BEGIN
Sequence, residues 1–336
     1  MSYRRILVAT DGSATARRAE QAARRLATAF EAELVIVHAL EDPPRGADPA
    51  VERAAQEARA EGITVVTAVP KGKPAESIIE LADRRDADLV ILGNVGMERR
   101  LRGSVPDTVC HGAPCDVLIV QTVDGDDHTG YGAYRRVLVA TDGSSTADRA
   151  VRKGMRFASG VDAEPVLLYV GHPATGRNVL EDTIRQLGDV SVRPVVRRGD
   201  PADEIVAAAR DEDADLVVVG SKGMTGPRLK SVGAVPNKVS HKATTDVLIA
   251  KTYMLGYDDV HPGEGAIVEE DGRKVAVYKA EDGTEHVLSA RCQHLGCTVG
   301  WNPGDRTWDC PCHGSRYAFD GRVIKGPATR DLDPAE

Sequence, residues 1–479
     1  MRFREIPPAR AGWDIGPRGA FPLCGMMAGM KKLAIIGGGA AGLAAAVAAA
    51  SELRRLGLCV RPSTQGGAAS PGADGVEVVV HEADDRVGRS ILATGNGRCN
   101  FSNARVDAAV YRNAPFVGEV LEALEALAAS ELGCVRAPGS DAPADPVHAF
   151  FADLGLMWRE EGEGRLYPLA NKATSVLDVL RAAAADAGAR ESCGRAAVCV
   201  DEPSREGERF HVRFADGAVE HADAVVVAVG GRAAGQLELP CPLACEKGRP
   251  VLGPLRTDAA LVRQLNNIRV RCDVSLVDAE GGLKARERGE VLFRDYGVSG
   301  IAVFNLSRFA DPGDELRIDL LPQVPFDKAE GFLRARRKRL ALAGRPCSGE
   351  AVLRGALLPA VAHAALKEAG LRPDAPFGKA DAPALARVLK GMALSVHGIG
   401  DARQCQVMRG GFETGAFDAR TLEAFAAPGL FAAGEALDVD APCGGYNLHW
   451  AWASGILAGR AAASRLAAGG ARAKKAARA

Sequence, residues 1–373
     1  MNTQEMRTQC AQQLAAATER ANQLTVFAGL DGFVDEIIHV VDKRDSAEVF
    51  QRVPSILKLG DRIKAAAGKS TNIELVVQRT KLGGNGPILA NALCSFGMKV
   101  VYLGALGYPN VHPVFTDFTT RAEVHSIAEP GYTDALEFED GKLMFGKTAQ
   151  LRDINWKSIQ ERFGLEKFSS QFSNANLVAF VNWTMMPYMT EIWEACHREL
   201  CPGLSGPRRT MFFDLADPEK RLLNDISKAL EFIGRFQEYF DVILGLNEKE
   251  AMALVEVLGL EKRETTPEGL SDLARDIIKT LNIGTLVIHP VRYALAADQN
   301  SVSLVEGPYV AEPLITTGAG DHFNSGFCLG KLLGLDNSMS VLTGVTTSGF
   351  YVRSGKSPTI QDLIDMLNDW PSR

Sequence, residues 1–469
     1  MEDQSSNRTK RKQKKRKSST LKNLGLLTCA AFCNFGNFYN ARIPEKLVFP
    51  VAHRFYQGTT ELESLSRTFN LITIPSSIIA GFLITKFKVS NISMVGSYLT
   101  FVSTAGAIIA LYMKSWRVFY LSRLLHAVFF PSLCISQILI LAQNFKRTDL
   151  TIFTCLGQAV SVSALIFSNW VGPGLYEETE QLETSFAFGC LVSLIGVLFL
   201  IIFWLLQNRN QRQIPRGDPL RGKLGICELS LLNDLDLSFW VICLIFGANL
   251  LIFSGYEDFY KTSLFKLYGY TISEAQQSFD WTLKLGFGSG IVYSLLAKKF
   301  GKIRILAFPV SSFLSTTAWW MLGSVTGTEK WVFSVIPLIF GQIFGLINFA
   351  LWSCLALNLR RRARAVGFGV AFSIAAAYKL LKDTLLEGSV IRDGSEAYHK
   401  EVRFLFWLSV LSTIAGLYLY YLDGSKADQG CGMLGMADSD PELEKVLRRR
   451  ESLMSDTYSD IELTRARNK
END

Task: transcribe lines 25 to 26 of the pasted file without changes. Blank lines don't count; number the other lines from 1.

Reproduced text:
   201  CPGLSGPRRT MFFDLADPEK RLLNDISKAL EFIGRFQEYF DVILGLNEKE
   251  AMALVEVLGL EKRETTPEGL SDLARDIIKT LNIGTLVIHP VRYALAADQN